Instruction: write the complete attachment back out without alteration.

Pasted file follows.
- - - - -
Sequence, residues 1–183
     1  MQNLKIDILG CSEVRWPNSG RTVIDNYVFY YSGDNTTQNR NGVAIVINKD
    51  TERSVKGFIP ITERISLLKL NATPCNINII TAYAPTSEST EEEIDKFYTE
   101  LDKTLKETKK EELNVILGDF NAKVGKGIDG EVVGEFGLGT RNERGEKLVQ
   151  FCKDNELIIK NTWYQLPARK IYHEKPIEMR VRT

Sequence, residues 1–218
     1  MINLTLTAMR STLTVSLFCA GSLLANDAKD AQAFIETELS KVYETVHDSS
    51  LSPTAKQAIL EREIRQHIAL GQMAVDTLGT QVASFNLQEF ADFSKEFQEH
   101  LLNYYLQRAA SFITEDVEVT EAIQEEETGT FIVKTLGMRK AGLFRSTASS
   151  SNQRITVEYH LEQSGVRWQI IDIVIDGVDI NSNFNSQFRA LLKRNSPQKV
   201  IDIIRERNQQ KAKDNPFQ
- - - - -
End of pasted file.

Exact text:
Sequence, residues 1–183
     1  MQNLKIDILG CSEVRWPNSG RTVIDNYVFY YSGDNTTQNR NGVAIVINKD
    51  TERSVKGFIP ITERISLLKL NATPCNINII TAYAPTSEST EEEIDKFYTE
   101  LDKTLKETKK EELNVILGDF NAKVGKGIDG EVVGEFGLGT RNERGEKLVQ
   151  FCKDNELIIK NTWYQLPARK IYHEKPIEMR VRT

Sequence, residues 1–218
     1  MINLTLTAMR STLTVSLFCA GSLLANDAKD AQAFIETELS KVYETVHDSS
    51  LSPTAKQAIL EREIRQHIAL GQMAVDTLGT QVASFNLQEF ADFSKEFQEH
   101  LLNYYLQRAA SFITEDVEVT EAIQEEETGT FIVKTLGMRK AGLFRSTASS
   151  SNQRITVEYH LEQSGVRWQI IDIVIDGVDI NSNFNSQFRA LLKRNSPQKV
   201  IDIIRERNQQ KAKDNPFQ